The Sámi National Theater Beaivváš and Sámi High School and Reindeer Husbandry School are two of the most important cultural institutions of Sápmi, a region in northern Norway, Sweden, and Finland traditionally inhabited by the Sámi people. To strengthen the position of the two institutions, a project was initiated in June 2021 to create a shared cultural and educational facility. A design proposal by 70°N arkitektur, in collaboration with Snøhetta and artist and architect Joar Nango, was chosen following a competition. The building, also known as Čoarvemátta, is currently under construction and is expected to be completed by 2024.
Animal: The Latest Architecture and News
70°N arkitektur, Together with Snøhetta and Artist Joar Nango, Designs a National Theater for the Indigenous Sámi People in Norway
How Will We Live With Livestock?
As populations continue to migrate from rural to urban areas, space is at a premium. Many settlements are becoming ever-more congested – with adequate, affordable housing in short supply and transport systems struggling to serve their respective residents. But as much the conversation about urbanization is about people, it is sometimes also about the animals that come with those people – urban livestock that play a key role at providing sustenance on an individual level, in addition to becoming an avenue for communal trade.
New Residential Complex in Amsterdam Creates Room for Wildlife
The new apartment complex designed by Venhoeven CS and DS Landschapsarchitecten is characterized by the intention to stimulate biodiversity. Located on a four-acre plot in the Sluisbuurt on the Zeeburgereiland in Amsterdam, the complex will include 82 homes, a parking garage, and spaces for shops and businesses. The nature-inclusive project pays special attention to the design of green roofs, terraces, and facades to create micro-environments for local flora and fauna and to optimize energy consumption.
Dog / Human House / EKAR
- Area : 700 m²
- Year : 2022
Professionals : Landscape Architects 49 Limited, GRD, RHive Design and Consultant
20 Times Architecture Sheltered Animals, Not Humans
Architecture may have its roots in sheltering humans from the elements, but that is not to say that architecture is for humans alone. Around the world, there are numerous examples of buildings and shelters designed by architects for other species. Some of these can be whimsical, such as the Dogchitecture exhibit by 10 Mexican architecture firms back in 2013, or the series of BowWow Haus kennels designed by over 80 architects back in 2017, including Zaha Hadid Architects. But others are designed for a more direct impact.
From Aristocratic Displays to Eco-parks: The Current Questions and Future Design of Zoos
Around the world, zoos draw in hundreds of millions of visitors each year. For some cities, they’re major tourist attractions and economic hubs that generate taxpayer dollars and create long-term employment for thousands of people. But beyond these statistics, people have been criticizing the role that zoos play in our society and the way in which we design them that holds the potential a more positive and natural environment for animals.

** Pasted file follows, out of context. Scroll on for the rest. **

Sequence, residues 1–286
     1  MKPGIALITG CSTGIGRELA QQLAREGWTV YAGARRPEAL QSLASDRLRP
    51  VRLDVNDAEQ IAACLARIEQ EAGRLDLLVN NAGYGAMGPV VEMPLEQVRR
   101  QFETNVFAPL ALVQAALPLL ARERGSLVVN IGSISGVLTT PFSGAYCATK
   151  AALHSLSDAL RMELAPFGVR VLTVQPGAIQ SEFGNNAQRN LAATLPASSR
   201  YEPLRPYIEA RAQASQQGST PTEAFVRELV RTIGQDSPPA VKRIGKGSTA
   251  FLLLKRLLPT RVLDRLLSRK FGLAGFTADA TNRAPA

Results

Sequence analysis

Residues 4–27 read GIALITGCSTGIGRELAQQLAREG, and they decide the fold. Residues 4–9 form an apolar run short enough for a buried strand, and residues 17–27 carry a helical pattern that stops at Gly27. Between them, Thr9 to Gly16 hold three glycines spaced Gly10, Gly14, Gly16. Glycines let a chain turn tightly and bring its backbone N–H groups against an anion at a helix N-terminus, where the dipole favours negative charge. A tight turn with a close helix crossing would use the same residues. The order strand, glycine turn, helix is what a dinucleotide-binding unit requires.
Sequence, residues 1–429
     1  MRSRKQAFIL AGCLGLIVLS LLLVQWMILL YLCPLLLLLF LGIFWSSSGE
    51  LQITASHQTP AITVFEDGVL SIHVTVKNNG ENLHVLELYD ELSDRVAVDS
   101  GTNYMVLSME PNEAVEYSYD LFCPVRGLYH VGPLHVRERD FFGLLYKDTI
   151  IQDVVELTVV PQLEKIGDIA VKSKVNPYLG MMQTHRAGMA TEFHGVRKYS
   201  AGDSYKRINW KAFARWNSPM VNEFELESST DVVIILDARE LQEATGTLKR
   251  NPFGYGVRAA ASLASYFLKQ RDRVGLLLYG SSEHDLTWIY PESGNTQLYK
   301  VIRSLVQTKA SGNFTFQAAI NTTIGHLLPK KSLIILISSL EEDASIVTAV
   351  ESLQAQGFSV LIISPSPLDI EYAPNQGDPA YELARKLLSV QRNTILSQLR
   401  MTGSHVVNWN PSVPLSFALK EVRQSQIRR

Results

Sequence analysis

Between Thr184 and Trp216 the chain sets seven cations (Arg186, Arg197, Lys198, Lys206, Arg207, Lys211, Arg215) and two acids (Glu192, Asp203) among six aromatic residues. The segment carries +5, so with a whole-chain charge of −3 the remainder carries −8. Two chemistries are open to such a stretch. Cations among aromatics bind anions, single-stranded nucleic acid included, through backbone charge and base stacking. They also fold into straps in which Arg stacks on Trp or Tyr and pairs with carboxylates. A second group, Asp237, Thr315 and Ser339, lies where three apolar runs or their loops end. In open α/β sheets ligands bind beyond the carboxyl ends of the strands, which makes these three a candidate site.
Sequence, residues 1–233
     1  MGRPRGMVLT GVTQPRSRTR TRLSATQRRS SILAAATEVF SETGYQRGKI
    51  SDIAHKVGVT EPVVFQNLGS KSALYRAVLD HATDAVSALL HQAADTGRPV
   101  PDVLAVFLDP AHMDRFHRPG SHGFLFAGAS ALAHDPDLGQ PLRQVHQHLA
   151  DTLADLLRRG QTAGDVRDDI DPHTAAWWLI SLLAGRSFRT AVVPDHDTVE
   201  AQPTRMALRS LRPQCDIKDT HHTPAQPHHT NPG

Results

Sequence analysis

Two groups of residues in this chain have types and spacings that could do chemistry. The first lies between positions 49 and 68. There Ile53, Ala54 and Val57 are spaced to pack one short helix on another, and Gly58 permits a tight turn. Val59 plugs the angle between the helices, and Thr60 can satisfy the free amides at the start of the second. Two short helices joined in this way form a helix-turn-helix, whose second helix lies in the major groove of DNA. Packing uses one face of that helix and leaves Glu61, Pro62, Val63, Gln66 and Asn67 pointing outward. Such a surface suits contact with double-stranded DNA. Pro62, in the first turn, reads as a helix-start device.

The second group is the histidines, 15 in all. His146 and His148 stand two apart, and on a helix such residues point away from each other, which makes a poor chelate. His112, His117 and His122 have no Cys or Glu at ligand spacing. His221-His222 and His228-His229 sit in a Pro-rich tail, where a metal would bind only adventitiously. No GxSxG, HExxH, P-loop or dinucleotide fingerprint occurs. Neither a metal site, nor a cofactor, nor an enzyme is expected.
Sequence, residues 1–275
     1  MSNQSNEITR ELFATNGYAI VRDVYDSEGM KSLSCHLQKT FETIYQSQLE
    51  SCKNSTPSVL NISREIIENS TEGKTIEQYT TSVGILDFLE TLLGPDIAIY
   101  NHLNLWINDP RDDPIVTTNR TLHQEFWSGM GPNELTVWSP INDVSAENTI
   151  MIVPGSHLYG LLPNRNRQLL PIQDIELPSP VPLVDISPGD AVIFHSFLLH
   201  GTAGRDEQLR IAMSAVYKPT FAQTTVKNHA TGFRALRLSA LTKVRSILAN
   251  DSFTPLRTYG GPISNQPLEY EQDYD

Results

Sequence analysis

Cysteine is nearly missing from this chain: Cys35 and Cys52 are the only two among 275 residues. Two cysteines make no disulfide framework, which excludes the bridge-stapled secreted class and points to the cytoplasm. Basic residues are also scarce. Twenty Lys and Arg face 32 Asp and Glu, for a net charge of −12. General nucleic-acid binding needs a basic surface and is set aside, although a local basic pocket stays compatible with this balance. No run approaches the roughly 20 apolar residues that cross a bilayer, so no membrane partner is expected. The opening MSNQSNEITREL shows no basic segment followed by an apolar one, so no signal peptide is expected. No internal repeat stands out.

China's New Ecology Center Takes A Crab-tivating Form
Only three years after President Xi Jinping declared, no more "weird buildings," in China, a giant mimetic crab construction on Yangcheng Lake's eastern shore, adds to the world's ever-growing list of "duck" buildings.
9 Weird and Wonderful Architectural "Ducks"
They exist for a reason.
Coined by Robert Venturi and Denise Scott Brown in Learning from Las Vegas, “Ducks” are buildings that project their meaning in a literal way . No architectural metaphors here - they are exactly what they look like. Many emerged alongside interstate highways, a lone doughnut or dinosaur punctuating the road trip across America. Places like Las Vegas and Macau have built their identity in the kitsch and literal language of architecture – with the duck a strong contributor. Though they get relegated to one of the weird forays of the postmodern era, ducks still make current-day appearances (like the Chicago Apple Store’s recent Macbook roof). Are they fun, kitschy, or just plain ugly? Love them or hate them, ducks have a light-hearted presence in our architectural history. Below are 9 weird and wonderful examples of buildings that make no apologies for being exactly what they are:
Espacios de Paz 2015: 5 Cities, 5 Communities, 20 Architecture Collectives
Between Sunday, May 17 and Monday, May 18 projects developed under the second phase of Espacios de Paz (Spaces of Peace) were inaugurated in five cities across Venezuela. A genuine exercise in participative design, 20 Latin American architecture groups worked for five weeks with communities in neighborhoods dominated by violence, high dropout rates and crime to convert deteriorated and abandoned spaces into public places of peace.
For each project, four groups of young architects worked together to carry out a process of dialogue, research, design, and ultimately the construction of either an athletic, social or educational facility to be administrated by the local community. Espacios de Paz is coordinated by the local office of PICO Estudio, with guidance from public institutions and under the leadership of Isis Ochoa, the High Presidential Commissioner for Peace and Life.
ArchDaily en Español Editors, Nicolás Valencia M. and José Tomás Franco, were invited by PICO Estudio to document and view the five projects in their final phase of construction and speak with the architects and community representatives about the development of the projects and some of the challenges faced in the process.
Learn more about each of the five projects after the break.